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Art and Anthropology

A group to promote and exchange ideas related to art and anthropology, whether it be museum anthropology, anthropology of art, or indigenous art studies... all scholars in the field welcome

Members: 195
Latest Activity: Dec 23, 2014

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Methodological approaches to art and artists? 18 Replies

Started by Than Vlachos. Last reply by John McCreery Mar 18, 2013.

Comment Wall

Comment by Fabiano Souto on April 2, 2010 at 4:12am
Comment by Martin Hoyem on April 19, 2010 at 8:17pm
American Ethnography recently released a feature with Jack Parsons' photography of lowriders in New Mexico, taken between 1993 and 1999. Jack Parsons says he has “a soft spot for cultural anthropology” – he is, after all, the grandson of pioneering anthropologist Elsie Clews Parsons. The gallery is here: Bajito y Suavecito
Comment by Susan Falls on April 19, 2010 at 8:26pm
I love these! I should add some of the Savannah Style Donks!
Comment by elishao on April 20, 2010 at 5:38am
Hi all...pleased to be a part of such a fascinating group...
Comment by Martin Hoyem on April 23, 2010 at 8:26pm

We just released another feature with lowrider photos on American Ethnography:



"Back in 2005, while doing fieldwork among lowriders in the southwestern states of USA, American Ethnography’s owner and editor Martin Hoyem photographed the people he met and their cars.

Now, as part of our ongoing research on “Car Customizing and Outlaw Aesthetics” we give you a gallery of photos from that fieldwork."

Comment by David Picard on December 3, 2010 at 1:34pm
anyone knows the contact details of Magherini Graziella, psychiatrist working at Ospedale Santa Maria Nuova in Florence, Italy? In the 1980s, she wrote about what she called the Stendhal syndrome (to indicate a psychosomatic illness affecting certain individuals when exposed to art), based on her experience at the emergency service of a Florence hospital. As far as I know, she has not been translated into English, and she is really hard to find on the net (there are lots and lots of references to her work which seems to form some kind of cult in parts), but no email address. Anyone can help
Comment by Martin Hoyem on January 1, 2011 at 7:19am
Portraits from a country where “90% of the population is Catholic and 100% of the population is Vodou,” Phyllis Galembo's photos reveal what she herself calls “the hidden vitality of the Haitian Vodou tradition.” We are proud to present to our readers this gallery of pictures from Galembo’s book.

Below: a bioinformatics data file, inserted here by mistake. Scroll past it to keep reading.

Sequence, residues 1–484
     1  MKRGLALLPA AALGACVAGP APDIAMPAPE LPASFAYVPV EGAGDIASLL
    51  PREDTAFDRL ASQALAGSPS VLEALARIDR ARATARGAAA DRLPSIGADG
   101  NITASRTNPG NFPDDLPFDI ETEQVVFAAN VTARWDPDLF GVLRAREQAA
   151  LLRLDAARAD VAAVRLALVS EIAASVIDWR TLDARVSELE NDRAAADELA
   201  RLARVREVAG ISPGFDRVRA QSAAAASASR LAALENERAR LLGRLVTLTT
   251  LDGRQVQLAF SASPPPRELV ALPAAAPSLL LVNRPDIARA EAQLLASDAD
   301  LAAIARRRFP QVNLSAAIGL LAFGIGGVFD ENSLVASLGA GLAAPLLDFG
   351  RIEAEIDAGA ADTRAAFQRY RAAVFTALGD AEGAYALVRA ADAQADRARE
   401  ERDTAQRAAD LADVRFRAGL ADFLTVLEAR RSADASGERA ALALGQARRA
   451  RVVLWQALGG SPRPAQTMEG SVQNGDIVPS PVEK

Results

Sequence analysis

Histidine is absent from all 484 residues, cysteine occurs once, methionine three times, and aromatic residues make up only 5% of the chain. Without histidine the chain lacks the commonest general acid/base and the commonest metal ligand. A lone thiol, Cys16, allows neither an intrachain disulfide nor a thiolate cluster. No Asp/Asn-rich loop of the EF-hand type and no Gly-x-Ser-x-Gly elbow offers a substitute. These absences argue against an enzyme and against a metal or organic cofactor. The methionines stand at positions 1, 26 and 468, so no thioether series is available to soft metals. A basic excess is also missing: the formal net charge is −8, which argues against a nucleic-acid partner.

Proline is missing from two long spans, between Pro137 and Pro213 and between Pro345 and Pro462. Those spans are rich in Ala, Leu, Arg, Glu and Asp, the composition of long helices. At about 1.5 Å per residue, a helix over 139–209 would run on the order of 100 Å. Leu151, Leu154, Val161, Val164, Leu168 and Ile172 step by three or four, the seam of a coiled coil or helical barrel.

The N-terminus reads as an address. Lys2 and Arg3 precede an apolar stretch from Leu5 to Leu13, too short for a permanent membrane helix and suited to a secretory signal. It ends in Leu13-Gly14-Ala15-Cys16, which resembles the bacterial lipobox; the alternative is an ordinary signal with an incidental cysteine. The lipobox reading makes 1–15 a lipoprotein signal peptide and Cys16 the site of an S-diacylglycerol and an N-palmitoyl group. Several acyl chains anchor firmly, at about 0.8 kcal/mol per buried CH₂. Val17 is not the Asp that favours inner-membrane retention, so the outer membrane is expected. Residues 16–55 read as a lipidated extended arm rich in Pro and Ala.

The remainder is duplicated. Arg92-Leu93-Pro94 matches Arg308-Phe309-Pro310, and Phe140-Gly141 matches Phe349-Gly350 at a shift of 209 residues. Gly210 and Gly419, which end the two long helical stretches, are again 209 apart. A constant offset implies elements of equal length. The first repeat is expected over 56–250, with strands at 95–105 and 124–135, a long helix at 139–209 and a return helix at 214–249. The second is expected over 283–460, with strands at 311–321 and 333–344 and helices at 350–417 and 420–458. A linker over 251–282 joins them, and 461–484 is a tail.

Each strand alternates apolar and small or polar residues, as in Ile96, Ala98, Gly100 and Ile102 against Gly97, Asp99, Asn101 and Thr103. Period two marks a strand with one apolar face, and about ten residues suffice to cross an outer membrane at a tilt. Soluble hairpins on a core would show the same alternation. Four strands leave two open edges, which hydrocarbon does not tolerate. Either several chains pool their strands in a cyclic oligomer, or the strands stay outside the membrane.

http://www.americanethnography.com/gallery.php?id=121
Comment by Fabiano Souto on February 11, 2011 at 7:12pm

Hi,

Look, free Online Access in February


http://www.tandf.co.uk/journals/artaccess/

 

Free article!!

 

Comment by Sheyma Buali on April 24, 2011 at 2:57pm
as someone looking to create visual ethnographies of place, i often find myself unsure if my work can be categorized as anthropology or art. my portfolio in progress: http://cargocollective.com/sheymabuali I welcome comments
Comment by Julia Yezbick on April 26, 2011 at 3:29pm
New journal from Harvard's Sensory Ethnography Lab and the new metaLAB@Harvard:

Sensate is an online, media-based journal for the creation, presentation, and critique of innovative projects in the arts, humanities, and sciences. Our aim is to build on the current groundswell of pioneering activities in the digital humanities, scholarly publishing, and innovative media practice to integrate new modes of scholarship into the cognitive life of the academy and beyond.

Sensate aims to foster new forms of scholarship that expand the traditional paradigm of academic discourse and open new possibilities for scholarship and artistic creation. Fundamental to this expansion is reimagining what constitutes a ‘piece’ of scholarship or art. Work featured in Sensate might take the form of audiovisual ethnographic research, multimedia mash-ups, experiments in media archaeology, participatory media projects, or digitized collections of archival media, artifacts, maps, or objects. By highlighting the processes of media and knowledge production, we hope to foster emergent and generative scholarship.

We hope that you will find many ways to engage with not only the content, but the ever-expanding network of Sensate collaborators. We welcome any feedback, provocations, and invitations for collaboration. Please contact us at: info@sensatejournal.com.

Sensate is free and open-access. Please visit the site at: http://www.sensatejournal.com/.

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